English model and actress Lily Cole got her first cover of British Vogue at the age of 16, has worked with luxury brands from Chanel to Louis Vuitton and is the face of G-Star denim. The 26-year-old was in Sydney recently to launch G-Star’s autumn/winter range and I caught up with her to chat about her work, moving from modelling to acting and working alongside Heath Ledger.
When you were young did you always want to be a model?
I very much fell into it. I was 14 when I was scouted and then I just went down that pathway. But I always loved dressing up and I always loved to perform, so I always knew I wanted to perform.
Was it a hard transition to go from model to actor?
It was extraordinarily easy considering how hard it is, if that makes sense. Because it’s not an easy transition to make I feel lucky I got it as easy as I did. I actually had been acting since before I was modelling but not publicly. At first, becoming an actor professionally, I think there was a little bit first of that “model turned actor” [criticism] conversation, and then by now that has subsided because I spend more time acting than modelling.
Was your modelling a help or a hindrance in your acting career?
It is not so much [a help] nowadays [but] I think initially my exposure in fashion helped with acting because it made me confident and it has made me understand the camera better, and you do play characters in modelling.
Do you prefer acting or modelling?
I prefer acting. I like the challenge of it. Modelling, I get so bored with it. I get bored of the actual act, like being in front of camera walking down the catwalk. Whereas in acting then the actual challenge of being in character and telling the story and trying to portray an idea in a truthful way, it’s constantly challenging.
You worked with Heath Ledger in The Imaginarium of Doctor Parnassus back in 2008. What was that like?
He was so amazing. He was such an amazing man, so it was a pleasure to work with him.
Who inspires you?
Philip Seymour Hoffman I always thought was extraordinary, and I always hoped I could have worked with him. I also admire Cate Blanchett.
If you could play any role, what would it be?
I’m about to play Helen of Troy [in The Last Days of Troy at the Royal Exchange Theatre in Manchester], which should be interesting.
How do you prepare for a role?
Usually a mixture of thinking, reading, experiencing, absorbing, but really the real work happens when I’m actually playing. So it begins when I start rehearsals and can actually start testing the landscape and find the character through that process and work on it.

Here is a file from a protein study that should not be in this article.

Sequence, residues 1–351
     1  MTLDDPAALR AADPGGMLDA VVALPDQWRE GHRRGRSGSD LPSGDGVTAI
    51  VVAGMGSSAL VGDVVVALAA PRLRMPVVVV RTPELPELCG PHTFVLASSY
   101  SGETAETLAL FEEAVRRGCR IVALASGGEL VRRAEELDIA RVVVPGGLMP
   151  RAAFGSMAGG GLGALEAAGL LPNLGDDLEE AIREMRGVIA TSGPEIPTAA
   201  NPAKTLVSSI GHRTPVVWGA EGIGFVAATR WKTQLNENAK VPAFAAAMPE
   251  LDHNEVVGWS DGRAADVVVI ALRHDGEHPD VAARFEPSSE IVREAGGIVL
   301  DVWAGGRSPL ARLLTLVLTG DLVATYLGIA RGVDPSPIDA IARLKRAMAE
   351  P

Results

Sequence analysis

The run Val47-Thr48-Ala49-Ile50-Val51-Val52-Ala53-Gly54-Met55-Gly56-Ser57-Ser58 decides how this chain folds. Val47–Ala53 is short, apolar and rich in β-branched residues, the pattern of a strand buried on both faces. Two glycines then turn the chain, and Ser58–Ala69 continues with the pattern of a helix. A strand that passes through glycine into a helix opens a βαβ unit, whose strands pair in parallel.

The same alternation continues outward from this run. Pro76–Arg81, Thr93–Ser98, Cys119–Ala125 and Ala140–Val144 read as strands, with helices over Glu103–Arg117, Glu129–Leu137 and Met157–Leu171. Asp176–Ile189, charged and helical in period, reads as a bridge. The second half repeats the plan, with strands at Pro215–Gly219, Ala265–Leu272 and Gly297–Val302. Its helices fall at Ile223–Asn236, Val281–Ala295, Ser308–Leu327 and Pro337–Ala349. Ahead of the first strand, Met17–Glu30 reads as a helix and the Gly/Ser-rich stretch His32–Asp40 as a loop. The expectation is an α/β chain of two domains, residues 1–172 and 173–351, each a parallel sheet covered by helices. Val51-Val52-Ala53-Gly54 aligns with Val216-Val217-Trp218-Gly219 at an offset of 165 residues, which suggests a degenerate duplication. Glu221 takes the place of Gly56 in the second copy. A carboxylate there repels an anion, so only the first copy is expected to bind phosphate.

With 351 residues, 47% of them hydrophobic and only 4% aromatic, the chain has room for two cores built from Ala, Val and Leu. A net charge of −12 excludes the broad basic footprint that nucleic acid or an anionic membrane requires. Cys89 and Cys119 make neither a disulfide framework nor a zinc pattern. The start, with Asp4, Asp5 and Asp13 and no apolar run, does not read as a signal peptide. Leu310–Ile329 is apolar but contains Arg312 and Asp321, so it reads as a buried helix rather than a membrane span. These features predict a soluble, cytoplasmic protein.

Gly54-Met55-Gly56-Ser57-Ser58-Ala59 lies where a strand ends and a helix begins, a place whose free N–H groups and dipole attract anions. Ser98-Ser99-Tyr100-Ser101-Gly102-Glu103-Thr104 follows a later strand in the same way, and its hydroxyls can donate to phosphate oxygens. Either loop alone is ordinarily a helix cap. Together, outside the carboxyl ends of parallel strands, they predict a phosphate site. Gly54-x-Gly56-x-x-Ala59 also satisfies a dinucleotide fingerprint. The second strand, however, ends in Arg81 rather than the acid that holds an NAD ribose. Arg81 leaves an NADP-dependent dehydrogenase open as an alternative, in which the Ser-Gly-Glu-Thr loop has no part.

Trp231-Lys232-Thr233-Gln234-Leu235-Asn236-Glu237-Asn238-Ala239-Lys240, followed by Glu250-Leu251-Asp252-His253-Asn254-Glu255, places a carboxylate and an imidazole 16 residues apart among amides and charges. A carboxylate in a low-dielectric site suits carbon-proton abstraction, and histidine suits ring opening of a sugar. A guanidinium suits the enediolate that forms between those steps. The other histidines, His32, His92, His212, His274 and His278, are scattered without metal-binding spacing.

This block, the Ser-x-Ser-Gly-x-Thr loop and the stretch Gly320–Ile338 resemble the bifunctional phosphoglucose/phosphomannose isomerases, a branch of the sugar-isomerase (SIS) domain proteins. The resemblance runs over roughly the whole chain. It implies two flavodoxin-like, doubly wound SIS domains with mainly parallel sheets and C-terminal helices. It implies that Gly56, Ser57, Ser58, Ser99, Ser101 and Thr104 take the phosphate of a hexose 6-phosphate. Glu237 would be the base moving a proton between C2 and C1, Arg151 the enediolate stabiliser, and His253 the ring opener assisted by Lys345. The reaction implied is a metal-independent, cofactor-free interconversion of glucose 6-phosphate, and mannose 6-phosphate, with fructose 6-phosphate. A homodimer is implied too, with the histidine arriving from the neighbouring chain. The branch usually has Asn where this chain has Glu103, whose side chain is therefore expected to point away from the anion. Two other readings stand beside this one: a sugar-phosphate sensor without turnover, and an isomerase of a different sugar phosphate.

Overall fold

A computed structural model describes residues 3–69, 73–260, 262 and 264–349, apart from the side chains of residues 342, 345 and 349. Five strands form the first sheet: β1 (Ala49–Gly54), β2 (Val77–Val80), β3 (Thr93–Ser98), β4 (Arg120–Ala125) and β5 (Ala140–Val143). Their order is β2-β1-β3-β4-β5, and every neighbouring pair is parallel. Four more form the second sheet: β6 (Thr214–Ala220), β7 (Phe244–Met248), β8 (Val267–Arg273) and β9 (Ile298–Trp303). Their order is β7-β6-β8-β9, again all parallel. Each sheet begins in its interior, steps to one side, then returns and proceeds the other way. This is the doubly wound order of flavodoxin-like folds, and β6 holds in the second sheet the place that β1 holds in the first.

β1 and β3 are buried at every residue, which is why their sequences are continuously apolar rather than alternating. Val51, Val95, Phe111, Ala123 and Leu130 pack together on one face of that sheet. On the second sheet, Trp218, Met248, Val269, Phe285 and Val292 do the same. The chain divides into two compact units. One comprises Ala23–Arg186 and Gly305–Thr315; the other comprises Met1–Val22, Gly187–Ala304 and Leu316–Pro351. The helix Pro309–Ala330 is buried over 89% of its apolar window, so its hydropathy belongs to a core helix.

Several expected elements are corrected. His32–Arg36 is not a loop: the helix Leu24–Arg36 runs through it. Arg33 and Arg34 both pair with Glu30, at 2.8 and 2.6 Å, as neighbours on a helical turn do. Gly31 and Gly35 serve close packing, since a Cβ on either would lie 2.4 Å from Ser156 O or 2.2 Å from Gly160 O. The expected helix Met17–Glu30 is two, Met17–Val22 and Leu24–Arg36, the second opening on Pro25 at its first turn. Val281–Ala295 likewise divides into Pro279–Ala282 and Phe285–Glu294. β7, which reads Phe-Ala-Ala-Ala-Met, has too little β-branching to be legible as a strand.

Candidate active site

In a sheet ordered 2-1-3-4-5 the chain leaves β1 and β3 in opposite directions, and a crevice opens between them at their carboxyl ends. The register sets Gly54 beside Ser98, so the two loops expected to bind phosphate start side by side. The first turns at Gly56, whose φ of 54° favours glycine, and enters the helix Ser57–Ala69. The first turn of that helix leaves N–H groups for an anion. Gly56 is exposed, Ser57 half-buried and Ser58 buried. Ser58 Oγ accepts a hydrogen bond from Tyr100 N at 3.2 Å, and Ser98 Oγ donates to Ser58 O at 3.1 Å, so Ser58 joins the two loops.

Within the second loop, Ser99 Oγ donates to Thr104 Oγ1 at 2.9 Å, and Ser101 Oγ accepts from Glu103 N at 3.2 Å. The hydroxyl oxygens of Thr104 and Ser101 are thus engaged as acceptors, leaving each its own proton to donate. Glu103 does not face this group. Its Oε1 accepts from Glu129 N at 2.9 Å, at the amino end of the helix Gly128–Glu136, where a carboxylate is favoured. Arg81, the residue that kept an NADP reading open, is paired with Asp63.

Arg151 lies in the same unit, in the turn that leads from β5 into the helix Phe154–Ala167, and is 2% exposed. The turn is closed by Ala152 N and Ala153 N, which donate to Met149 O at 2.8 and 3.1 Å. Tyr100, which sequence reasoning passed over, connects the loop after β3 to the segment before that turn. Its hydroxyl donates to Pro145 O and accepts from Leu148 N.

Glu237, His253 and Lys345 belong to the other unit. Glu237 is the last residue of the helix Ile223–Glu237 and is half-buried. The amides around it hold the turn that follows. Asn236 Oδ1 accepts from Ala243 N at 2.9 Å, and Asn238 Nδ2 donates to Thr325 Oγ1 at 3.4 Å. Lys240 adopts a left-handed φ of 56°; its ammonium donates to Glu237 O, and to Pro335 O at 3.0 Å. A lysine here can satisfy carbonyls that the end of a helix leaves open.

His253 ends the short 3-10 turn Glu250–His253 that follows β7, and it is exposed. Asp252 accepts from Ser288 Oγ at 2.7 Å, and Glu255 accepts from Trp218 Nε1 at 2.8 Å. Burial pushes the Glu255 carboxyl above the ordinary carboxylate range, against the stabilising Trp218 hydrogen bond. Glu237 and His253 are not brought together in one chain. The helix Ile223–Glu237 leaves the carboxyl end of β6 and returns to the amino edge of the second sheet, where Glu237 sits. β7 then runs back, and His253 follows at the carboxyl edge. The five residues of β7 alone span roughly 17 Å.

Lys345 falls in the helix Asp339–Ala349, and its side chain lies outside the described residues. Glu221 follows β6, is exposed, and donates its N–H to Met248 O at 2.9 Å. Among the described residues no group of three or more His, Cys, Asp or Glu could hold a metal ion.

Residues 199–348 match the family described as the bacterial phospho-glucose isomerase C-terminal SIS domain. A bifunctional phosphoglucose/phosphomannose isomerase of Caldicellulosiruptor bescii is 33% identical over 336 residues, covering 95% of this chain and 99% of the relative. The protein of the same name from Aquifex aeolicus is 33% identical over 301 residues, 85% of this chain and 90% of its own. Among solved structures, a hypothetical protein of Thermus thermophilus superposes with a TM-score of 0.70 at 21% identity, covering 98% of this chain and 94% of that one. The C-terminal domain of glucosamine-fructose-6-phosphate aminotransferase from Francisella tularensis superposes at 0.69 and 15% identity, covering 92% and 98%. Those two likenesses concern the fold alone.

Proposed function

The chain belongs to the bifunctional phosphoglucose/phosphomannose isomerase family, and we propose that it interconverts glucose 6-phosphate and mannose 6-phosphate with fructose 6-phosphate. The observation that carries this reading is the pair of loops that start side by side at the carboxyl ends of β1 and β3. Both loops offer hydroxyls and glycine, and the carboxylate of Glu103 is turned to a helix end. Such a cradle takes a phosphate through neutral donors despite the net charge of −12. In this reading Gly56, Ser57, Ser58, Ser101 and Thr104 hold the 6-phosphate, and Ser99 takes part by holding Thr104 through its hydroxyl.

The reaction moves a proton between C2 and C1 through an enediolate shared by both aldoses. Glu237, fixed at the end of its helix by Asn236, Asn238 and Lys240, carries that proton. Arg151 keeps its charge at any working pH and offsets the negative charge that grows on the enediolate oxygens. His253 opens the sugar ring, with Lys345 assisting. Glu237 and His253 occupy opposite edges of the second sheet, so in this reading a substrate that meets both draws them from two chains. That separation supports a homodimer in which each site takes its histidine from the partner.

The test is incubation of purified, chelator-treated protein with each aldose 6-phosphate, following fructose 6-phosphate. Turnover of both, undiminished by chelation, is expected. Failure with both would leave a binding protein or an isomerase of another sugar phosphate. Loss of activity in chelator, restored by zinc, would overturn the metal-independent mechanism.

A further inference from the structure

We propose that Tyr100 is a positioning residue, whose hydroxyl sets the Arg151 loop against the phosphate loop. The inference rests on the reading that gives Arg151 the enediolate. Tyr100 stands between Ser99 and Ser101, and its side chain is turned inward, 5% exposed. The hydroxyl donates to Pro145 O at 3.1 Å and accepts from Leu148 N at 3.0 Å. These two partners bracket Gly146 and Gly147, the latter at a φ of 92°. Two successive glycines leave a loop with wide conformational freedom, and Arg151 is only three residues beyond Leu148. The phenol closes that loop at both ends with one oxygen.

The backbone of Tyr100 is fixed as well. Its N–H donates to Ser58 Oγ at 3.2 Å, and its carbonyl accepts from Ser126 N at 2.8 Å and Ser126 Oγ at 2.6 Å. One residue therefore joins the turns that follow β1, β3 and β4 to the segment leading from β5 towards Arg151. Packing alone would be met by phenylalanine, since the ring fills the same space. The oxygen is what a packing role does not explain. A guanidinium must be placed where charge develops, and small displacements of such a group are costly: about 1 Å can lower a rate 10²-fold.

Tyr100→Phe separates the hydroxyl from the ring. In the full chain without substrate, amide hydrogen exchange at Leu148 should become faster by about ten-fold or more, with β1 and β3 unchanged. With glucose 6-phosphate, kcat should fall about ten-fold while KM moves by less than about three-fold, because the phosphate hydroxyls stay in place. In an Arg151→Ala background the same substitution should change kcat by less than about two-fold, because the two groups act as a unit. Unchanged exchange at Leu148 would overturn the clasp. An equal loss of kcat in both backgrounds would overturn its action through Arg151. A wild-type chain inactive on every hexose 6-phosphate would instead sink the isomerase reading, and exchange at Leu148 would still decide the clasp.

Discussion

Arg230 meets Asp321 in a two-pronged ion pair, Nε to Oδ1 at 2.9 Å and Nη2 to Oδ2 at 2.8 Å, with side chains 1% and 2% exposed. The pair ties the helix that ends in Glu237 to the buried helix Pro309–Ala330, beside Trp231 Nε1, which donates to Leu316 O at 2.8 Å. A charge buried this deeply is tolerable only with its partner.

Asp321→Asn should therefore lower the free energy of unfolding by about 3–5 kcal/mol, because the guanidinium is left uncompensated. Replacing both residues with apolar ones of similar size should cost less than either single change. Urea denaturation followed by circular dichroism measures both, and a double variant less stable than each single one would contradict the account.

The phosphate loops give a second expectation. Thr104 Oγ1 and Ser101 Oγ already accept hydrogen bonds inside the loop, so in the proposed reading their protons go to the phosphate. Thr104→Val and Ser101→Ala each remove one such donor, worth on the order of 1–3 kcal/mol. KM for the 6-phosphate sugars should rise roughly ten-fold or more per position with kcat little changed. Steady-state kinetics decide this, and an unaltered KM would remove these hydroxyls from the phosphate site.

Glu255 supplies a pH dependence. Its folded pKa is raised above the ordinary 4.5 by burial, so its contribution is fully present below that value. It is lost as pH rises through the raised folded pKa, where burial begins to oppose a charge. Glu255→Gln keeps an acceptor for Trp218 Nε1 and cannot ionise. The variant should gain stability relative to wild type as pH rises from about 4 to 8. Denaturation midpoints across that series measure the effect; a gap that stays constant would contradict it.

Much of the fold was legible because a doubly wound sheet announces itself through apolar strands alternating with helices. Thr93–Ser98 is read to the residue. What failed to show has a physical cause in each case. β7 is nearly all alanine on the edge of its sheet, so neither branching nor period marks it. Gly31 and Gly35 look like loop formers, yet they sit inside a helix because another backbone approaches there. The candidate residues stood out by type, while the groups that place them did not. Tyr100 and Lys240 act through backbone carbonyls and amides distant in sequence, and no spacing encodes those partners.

You have a first-class honours degree in Art History from Cambridge University. Who’s your favourite artist?
I don’t have one especially – I have lots of artists I like. Practising contemporary, probably Gerhard Richter would be one of my favourites.
What do you do for fun?
It depends where I am in the world – usually involves friends, sometimes it involves dancing, sometimes it just involves going for a hike or a walk, cooking a nice meal, watching movies. It’s really normal obvious things like everybody else. And I also have my project impossible.com.
Tell me about that project.
Impossible is a money-free community where you can give or receive for free, get help or help others, whether it be skills, advice or physical things. It’s trying to encourage a culture of giving and receiving, so the idea is doing things for non-monetary reasons, really, so connecting people: peer to peer, neighbour to neighbour, where people help each other for free. You can post things you want help with or things that you want to offer to the community and then you can see each other’s posts and hope it triggers people to start doing things for each other.
How did you get involved in that?
I had the idea with a friend about three years ago and it just really haunted me, it felt so simple and obvious of why it should exist. Then I start to try to build it and then I realised it didn’t exist maybe because it was so hard to do. But we got so much support and help in the process and so we managed to build something and see where it goes now.
What’s the biggest hurdle you’ve had to deal with?
One was technical infrastructure: how to find the right people to build that and how to design it. But there are also cultural obstacles: what stops somebody wanting to give, what stops somebody wanting to receive and wanting to ask for help? And trust – how can people trust each other more.
What’s something you’ve asked for help with?
I just posted today that I wanted somebody in Sydney to read lines with me.
Will you always continue modelling?
I mean if they still ask me to turn up when I’m 80 and paying me well for it, then maybe. It’s like a supplement to my life. It still pays better than most of the jobs that I do and it’s still interesting to travel and meet interesting people, but it’s very few days of the year that I do it so it’s now a tiny part of my life.
WE WENT TO G-STAR Australia HQ, Woolloomoolloo.
WE ATE Miss Chu vegan rice paper rolls & tofu dumplings.
WE DRANK San Pellegrino sparkling mineral water.
Photo: Anthony Johnson